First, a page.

EDITOR’S NOTE: This is a series examining the lives of five Pinal County residents during the COVID-19 outbreak. Those participating in the project have agreed to share their lives with PinalCentral readers and we will revisit them periodically during this health emergency.
CASA GRANDE — As all of us have begun what is called “social distancing,” one Casa Grande woman has already been doing it for the past five months.
Debra Castro, 54, has been fighting cancer of her appendix since October. She has been diagnosed with colonic-type adenocarcinoma that was discovered when she had surgery on her appendix.
Colonic-type adenocarcinoma accounts for about 10% of appendix tumors and usually occurs at the base of the appendix. Appendix cancer looks and behaves like the most common type of colorectal cancer. It often goes unnoticed, and a diagnosis is frequently made during or after surgery for appendicitis.
“They thought I had an appendicitis. I was admitted into the hospital for dehydration and low potassium. I was in the hospital for eight days,” Castro said.
She was in and out of the hospital several times over many months.
“They did what they thought was an appendectomy. They thought it was just an abscess. When they went in to try and take my appendix out, they couldn’t find it. They let me out of the hospital and a couple days later I went back to my surgeon. He told me I had cancer,” she said.
Castro said she expected it might be cancer but was still surprised by the diagnosis. Doctors quickly installed port access for chemotherapy and she had her first chemo treatment just a week later.
“Then this coronavirus stuff started coming up,” she said. “My immune system is already compromised, so I don’t go anywhere and I don’t do anything. All I do is sit in this house all day long, every day.”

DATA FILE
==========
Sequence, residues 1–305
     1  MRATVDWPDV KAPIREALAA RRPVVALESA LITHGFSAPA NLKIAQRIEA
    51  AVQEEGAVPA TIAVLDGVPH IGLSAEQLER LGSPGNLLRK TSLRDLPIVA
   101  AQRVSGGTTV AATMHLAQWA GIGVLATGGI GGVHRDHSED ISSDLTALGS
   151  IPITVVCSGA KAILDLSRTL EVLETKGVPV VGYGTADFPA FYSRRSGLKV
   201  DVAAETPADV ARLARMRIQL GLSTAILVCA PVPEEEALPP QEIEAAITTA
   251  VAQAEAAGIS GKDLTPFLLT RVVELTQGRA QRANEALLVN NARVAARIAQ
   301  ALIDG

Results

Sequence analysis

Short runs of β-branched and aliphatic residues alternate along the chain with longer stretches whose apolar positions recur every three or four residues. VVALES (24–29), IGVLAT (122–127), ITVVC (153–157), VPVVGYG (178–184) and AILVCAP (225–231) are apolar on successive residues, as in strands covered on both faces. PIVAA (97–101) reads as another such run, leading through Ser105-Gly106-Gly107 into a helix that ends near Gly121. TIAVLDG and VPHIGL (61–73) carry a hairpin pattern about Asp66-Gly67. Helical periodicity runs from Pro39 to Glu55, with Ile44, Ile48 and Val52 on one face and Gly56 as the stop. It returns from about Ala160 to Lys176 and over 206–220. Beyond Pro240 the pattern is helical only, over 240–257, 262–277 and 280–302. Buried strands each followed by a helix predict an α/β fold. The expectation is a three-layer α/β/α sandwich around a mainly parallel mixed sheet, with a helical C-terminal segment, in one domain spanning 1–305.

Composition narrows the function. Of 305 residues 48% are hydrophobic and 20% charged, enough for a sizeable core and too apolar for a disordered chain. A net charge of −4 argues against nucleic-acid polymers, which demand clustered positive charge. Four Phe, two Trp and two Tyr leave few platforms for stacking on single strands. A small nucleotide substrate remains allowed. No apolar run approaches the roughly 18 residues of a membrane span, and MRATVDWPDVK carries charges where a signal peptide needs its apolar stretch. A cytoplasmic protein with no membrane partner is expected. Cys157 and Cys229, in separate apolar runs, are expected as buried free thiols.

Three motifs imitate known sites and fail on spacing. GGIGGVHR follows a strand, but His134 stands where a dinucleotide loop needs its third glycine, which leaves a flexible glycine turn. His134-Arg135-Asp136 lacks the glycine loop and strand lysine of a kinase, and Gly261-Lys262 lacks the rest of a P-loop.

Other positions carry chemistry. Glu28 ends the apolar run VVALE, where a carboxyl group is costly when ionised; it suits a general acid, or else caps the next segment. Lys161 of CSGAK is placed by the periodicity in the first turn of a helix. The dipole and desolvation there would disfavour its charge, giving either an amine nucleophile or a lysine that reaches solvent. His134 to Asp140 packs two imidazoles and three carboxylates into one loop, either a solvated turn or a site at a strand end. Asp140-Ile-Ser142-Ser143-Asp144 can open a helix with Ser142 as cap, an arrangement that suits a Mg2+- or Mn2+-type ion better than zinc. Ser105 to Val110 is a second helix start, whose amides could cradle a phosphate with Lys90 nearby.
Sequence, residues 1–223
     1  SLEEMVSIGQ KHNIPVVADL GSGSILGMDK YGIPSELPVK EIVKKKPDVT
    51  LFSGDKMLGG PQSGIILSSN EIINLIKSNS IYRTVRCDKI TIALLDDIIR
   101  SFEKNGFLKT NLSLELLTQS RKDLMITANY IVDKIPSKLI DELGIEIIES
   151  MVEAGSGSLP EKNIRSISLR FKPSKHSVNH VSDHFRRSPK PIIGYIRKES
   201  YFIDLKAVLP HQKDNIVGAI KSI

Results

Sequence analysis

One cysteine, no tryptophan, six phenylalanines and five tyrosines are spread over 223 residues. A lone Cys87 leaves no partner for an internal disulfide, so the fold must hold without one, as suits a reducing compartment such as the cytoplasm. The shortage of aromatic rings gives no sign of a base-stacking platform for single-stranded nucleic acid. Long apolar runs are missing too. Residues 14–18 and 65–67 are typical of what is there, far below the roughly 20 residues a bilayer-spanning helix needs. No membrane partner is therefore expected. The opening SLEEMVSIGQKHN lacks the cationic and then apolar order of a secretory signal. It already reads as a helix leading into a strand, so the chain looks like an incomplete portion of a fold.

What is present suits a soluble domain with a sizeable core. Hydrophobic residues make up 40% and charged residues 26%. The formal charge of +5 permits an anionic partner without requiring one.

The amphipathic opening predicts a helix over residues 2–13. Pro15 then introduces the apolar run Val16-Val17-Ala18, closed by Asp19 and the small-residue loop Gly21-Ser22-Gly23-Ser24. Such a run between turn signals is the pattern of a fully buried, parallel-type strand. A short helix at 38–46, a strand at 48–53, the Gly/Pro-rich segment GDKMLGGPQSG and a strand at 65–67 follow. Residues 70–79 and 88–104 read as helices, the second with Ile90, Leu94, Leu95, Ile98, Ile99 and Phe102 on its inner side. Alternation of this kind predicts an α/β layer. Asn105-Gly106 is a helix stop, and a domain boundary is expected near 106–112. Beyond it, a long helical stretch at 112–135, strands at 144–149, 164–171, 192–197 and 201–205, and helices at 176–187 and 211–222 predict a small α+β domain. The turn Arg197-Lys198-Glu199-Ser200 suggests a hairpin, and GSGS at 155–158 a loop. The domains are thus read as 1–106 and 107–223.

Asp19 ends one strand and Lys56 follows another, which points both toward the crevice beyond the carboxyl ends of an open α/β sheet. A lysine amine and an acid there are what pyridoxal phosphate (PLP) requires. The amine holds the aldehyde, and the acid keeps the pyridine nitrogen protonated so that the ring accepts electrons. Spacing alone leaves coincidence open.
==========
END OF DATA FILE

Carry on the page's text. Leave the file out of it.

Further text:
When people visit her, including her grandchildren, they have to make absolutely sure they are not sick in any way.
“If they have a cough, they can’t come inside this house. They have to stay away from me. Everyone even has to wash their hands before they give me a hug,” she said.
Castro said her support system relies heavily on her longtime boyfriend, Michael.
“He’s been taking care of me the past 29 years,” she said.
Castro also suffers with seizures, which makes her cancer and its treatment all that more difficult.
“It makes it hard to have chemo. Hopefully, I won’t have any seizures while I’m having chemo. That wouldn’t be good. I really haven’t left my house since last year — I’d say October. I didn’t even know I had cancer until February. With my body, I can’t go anywhere,” she said.
The only exception to staying in her house is when she goes to doctors offices and hospitals for treatments.
“I’m going to stay isolated. I am going to go and get my lab tests here in Casa Grande and hopefully not catch anything. I have to have lab tests done before I go have chemo again,” Castro said, knowing that simply going out of the house is not safe for her.
She goes out only while wearing an N95-grade respirator mask and sterile gloves.
“I have masks on order from Amazon. Everybody has been buying them up like crazy. You have to wait to get the good masks. I have two masks on order right now. I am washing my hands constantly. They say don’t touch your face. How do you not touch your face? It is impossible. I don’t know what’s going to happen. I can’t talk to my friends. I can talk to them on Facebook or call them, but I can’t see them. I haven’t seen my friends in months,” Castro said.